return

 

The following example makes the joystick's POV hat behave like the arrow key cluster on a keyboard; that is, the POV hat will send arrow keystrokes (left, right, up, and down):

#Persistent  ; Keep this script running until the user explicitly exits it.
SetTimer, WatchPOV, 5
return

WatchPOV:
GetKeyState, POV, JoyPOV  ; Get position of the POV control.
KeyToHoldDownPrev = %KeyToHoldDown%  ; Prev now holds the key that was down before (if any).

; Some joysticks might have a smooth/continous POV rather than one in fixed increments.
; To support them all, use a range:
if POV < 0   ; No angle to report
    KeyToHoldDown =
else if POV > 31500                 ; 315 to 360 degrees: Forward
    KeyToHoldDown = Up
else if POV between 0 and 4500      ; 0 to 45 degrees: Forward
    KeyToHoldDown = Up
else if POV between 4501 and 13500  ; 45 to 135 degrees: Right
    KeyToHoldDown = Right
else if POV between 13501 and 22500 ; 135 to 225 degrees: Down
    KeyToHoldDown = Down
else                                ; 225 to 315 degrees: Left
    KeyToHoldDown = Left

if KeyToHoldDown = %KeyToHoldDownPrev%  ; The correct key is already down (or no key is needed).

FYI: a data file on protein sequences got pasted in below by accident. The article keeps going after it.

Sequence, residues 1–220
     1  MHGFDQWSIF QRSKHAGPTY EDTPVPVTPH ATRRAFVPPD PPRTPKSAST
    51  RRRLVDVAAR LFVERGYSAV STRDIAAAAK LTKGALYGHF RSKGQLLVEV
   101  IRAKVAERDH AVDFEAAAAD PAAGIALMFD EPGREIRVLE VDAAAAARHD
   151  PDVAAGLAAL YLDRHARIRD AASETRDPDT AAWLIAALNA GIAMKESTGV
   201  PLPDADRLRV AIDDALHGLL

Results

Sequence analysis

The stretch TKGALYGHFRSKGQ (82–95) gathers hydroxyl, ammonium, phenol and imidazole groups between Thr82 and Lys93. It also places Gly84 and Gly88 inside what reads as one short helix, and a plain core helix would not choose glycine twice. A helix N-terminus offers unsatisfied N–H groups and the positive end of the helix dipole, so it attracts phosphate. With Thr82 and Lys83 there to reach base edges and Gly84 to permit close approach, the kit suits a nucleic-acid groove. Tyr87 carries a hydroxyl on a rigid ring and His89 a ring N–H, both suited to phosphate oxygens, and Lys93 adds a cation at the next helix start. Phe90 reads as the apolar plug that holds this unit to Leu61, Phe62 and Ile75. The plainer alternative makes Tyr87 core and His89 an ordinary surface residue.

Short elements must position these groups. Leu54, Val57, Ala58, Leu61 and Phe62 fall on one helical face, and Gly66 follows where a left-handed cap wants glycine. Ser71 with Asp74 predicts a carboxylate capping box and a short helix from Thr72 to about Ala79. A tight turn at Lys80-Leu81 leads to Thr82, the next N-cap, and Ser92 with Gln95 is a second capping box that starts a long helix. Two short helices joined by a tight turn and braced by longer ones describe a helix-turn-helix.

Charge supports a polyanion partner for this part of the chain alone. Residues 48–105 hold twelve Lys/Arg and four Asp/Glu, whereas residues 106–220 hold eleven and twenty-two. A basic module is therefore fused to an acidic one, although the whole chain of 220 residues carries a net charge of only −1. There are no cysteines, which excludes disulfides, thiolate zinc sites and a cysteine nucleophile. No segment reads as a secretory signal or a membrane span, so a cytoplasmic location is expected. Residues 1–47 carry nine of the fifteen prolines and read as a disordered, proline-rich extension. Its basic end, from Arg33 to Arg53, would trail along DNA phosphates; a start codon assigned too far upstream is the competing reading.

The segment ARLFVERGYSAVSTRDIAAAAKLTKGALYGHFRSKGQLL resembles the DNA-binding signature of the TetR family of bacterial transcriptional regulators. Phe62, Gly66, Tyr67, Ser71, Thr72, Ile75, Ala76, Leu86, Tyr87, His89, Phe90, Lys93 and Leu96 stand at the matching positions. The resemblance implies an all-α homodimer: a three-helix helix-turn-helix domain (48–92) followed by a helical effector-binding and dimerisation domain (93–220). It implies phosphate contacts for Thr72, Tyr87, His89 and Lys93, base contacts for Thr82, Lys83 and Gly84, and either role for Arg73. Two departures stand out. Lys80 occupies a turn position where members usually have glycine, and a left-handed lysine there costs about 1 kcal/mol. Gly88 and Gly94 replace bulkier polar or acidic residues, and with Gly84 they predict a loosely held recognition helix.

return  ; Do nothing.

; Otherwise, release the previous key and press down the new key:
SetKeyDelay -1  ; Avoid delays between keystrokes.
if KeyToHoldDownPrev   ; There is a previous key to release.
    Send, {%KeyToHoldDownPrev% up}  ; Release it.
if KeyToHoldDown   ; There is a key to press down.
    Send, {%KeyToHoldDown% down}  ; Press it down.
return

 

Auto-repeating a keystroke: Both examples above can be modified to send the key repeatedly rather than merely holding it down (that is, they can mimic physically holding down a key on the keyboard). To do this, replace the following line:

return  ; Do nothing.

WITH:

{
    if KeyToHoldDown
        Send, {%KeyToHoldDown% down}  ; Auto-repeat the keystroke.
    return
}

Remarks

A joystick other than first may be used by preceding the button or axis name with the number of the joystick. For example, 2Joy1 would be the second joystick's first button.

To find other useful joystick scripts, visit the AutoHotkey forum. A keyword search such as Joystick and GetKeyState and Send is likely to produce topics of interest.

Related Topics

Joystick-To-Mouse script (using a joystick as a mouse)
List of joystick buttons, axes, and controls
GetKeyState
Remapping the keyboard and mouse